Improving JTextPane Performance

After I started benchmarking how much time commands took to complete in Dungeon, I noticed that writing a full world map (a grid of colored ASCII characters) to the screen was reasonably slow. Then I set forth to find the solution to my problem.

Basically, there are two causes for slow JTextPane updates: each insertion triggers a re-rendering of the display and some methods in the DefaultStyledDocument class are synchronized, so there is the overhead of acquiring locks.

I worked on the first issue and was able to reduce the overhead of insertion substantially. I wrote a class that keeps two StyledDocuments: one inactive and one set to the JTextPane the class is responsible for. When text is written to this object, it will update the StyledDocument that is inactive, swap both documents, and then update the now inactive StyledDocument. Why keep two documents? Some insertions are just small increments, that really benefit from not having to rewrite a long passage of text multiple times.

How to make it faster? Instead of running the second document update (the user has already seen the update one because the swap has already taken place) on the same thread, delegate it to a worker thread. Note that this approach will block this object for a while. To keep it simple and avoid premature optimization, I did not even code this multithreaded version. But I am mentioning it here just in case someone (maybe me) needs it in the future.

For reference, the issue related to the post.

Getting the Size of an Object in Python

Recently, I found myself wondering how much memory a Python list I had in my environment was using. So I searched and found the following very handy function for the curious minds or desperate debuggers.

sys.getsizeof(object[, default])

  Return the size of an object in bytes. The object can be any type of
  object. All built-in objects will return correct results, but this does
  not have to hold true for third-party extensions as it is implementation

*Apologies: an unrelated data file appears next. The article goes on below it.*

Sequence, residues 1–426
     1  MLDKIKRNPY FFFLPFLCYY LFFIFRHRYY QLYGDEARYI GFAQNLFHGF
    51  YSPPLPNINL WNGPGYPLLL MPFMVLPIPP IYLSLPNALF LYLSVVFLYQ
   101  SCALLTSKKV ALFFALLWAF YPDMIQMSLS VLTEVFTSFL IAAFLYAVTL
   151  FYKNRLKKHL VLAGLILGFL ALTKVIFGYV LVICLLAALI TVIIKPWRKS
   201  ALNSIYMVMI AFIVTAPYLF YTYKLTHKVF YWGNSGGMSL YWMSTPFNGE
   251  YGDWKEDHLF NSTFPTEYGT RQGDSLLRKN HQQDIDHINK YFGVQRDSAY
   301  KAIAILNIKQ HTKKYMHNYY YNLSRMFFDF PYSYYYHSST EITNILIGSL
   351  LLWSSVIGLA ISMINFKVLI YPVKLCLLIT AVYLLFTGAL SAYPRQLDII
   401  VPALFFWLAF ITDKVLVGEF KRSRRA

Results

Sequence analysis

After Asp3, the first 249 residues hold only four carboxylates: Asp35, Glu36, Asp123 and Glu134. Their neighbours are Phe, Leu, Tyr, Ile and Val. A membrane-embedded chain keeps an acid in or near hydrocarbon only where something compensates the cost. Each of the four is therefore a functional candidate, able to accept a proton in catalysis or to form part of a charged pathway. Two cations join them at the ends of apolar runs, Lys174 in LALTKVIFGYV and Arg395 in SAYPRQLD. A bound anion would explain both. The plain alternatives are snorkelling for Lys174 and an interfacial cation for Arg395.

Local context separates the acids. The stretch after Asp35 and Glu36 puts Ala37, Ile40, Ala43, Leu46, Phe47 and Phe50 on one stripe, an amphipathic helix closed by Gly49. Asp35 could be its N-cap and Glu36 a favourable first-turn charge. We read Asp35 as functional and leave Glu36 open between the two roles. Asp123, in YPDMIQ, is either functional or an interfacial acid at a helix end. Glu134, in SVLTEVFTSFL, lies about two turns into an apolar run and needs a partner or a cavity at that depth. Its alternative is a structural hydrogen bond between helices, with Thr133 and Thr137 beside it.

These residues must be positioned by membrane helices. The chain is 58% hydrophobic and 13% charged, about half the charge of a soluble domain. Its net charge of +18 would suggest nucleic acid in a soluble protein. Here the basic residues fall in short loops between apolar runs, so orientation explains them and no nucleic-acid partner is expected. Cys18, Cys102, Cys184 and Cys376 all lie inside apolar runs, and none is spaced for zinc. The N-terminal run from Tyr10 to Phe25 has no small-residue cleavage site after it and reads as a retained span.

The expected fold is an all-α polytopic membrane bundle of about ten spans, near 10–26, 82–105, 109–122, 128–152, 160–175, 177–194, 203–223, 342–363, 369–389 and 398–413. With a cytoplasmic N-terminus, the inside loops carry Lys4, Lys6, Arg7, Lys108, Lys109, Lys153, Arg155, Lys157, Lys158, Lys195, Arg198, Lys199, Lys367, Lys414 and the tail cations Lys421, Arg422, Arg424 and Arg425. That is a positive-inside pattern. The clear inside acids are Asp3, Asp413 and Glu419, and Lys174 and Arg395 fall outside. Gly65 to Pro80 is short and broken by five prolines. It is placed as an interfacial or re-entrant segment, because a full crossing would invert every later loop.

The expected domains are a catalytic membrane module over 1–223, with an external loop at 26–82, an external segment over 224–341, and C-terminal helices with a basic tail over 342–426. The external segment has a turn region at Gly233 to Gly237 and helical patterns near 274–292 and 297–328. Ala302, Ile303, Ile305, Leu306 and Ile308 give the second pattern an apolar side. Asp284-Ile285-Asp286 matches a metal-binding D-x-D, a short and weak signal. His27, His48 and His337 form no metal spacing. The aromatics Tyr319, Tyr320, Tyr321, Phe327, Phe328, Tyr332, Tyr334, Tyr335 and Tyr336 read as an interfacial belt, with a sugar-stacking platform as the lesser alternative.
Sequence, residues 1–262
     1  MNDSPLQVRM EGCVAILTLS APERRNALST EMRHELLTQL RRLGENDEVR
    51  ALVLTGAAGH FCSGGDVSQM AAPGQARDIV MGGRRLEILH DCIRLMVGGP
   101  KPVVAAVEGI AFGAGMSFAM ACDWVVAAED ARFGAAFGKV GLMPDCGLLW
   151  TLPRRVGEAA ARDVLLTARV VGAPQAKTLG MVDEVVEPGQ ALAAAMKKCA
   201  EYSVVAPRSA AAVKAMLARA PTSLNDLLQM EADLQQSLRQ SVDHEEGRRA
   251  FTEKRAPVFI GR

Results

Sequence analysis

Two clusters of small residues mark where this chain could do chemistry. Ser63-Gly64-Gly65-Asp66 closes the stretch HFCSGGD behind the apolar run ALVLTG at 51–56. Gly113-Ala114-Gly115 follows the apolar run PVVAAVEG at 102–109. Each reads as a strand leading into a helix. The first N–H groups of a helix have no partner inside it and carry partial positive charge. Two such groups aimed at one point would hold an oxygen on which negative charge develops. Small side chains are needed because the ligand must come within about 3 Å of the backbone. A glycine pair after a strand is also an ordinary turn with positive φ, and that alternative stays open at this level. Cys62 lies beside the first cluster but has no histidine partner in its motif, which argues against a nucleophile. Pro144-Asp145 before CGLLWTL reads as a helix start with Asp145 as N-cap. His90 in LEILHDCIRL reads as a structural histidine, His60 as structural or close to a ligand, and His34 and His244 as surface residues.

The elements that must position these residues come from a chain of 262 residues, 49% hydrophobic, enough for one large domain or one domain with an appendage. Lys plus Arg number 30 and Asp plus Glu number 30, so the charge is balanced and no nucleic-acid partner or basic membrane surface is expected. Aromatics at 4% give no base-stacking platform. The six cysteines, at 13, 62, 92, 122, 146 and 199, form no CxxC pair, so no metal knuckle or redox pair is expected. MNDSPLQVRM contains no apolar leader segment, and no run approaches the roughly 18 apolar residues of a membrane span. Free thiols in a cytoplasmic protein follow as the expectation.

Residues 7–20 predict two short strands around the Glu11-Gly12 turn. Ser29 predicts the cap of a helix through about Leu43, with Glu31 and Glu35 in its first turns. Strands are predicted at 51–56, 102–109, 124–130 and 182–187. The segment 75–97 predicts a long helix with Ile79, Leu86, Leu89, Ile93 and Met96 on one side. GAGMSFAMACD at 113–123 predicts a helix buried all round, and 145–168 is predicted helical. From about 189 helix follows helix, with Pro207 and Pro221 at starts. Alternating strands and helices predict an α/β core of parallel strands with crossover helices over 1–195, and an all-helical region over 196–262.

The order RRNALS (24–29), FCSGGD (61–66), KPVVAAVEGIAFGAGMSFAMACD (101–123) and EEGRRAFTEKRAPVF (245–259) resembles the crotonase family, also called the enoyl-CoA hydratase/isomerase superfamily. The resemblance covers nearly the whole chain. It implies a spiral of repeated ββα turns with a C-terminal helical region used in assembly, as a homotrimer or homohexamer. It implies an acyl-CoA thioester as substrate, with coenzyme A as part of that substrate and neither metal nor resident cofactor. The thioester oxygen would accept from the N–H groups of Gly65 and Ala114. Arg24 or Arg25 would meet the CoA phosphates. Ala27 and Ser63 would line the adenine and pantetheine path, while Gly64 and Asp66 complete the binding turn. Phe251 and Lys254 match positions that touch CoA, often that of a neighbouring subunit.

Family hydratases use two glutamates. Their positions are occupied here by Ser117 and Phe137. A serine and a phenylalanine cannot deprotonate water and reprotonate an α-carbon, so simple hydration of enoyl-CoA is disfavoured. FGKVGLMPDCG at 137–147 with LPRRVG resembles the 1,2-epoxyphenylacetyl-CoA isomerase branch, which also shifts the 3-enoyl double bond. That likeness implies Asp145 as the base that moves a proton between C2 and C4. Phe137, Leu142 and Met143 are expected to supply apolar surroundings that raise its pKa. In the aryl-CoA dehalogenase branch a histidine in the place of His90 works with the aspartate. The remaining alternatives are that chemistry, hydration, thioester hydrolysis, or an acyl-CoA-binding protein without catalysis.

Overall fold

Only the memory consumption directly attributed to the object is
  accounted for, not the memory consumption of objects it refers to.

  If given, default will be returned if the object does not provide means
  to retrieve the size. Otherwise a TypeError will be raised.

  getsizeof() calls the object's __sizeof__ method and adds an additional
  garbage collector overhead if the object is managed by the garbage

Adding a GPG Key Manually

I was trying to install MongoDB 3.0 in my production machine and in order to be able to do that via apt-get I needed to import the MongoDB GPG public key.

It went wrong. It went really wrong.

After a huge delay at

gpg: requesting key 7F0CEB10 from hkp server

I would get

gpg: keyserver timed out
gpg: keyserver receive failed: keyserver error

The first solutions I found on the internet for this problem were modifying other commands to look like mine. So I already had the “best command”.

After some more Googling I found that I could grab the key manually and add it without a request to a server.

So I tried and got the key.


sudo apt-key add 10gen-gpg-key.asc

And the shell told me


That was it. I decided to post about this so that if you find yourself in a similar scenario (cannot get keys via the command line), you have an idea of how to solve the problem. It also serves as a future reference to me, as StackOverflow didn’t do it this time.

Pushing to a Branch of Different Name

This post is another small git tip. If you ever need to push to a remote branch with a different name than your local branch, use

git push origin local-name:origin-name

So if you want to push your local dev into your origin review you’d do

git push origin dev:review

Conservation of Momentum Exercise

Problem Statement

In a train yard, train cars are rolled down a long hill in order to link them up with other cars as shown. A car of mass 4000. kg starts to roll from rest at the top of a hill 5.0 m high, and inclined at an angle of 5.0° to the horizontal. The coefficient of rolling friction between the train and the track is 0.050. What velocity would the car have if it linked up with 3 identical cars sitting on flat ground at the bottom of the track?

Hint: The equation for rolling friction is just like the one for sliding friction.



My Solution

The speed of the car after leaving the hill is equal to

v = sqrt(kinetic_energy * 2 / m)

And its kinetic energy will be equal to the work done on it:

kinetic_energy = F * d

Getting the distance is a matter of simple geometry:

d = csc (5°) * 5 m ~= 57.37 m

The force is a bit more complicated, note that I am using the net force, taking friction into account

F = tan (5°) * 4 * 10^4 N - 0.05 * sec (5°) * 4 * 10^4 N
  = 4 * 10^4 N * (tan (5°) - 0.05 * sec (5°)) ~= 1,492 N

Throwing everything together

v = sqrt(F * d * 2 / m) ~= 6.542 m / s

As the velocity will be equally divided between the cars

v = (6.542 m / s) / 4 = 1.635 m / s

Thus, the answer is 1.64 m / s.

Note that I used 10 m s^-2 for the gravitational acceleration. If you want to be more precise, use 9.80665 m s^-2, the the standard acceleration due to gravity.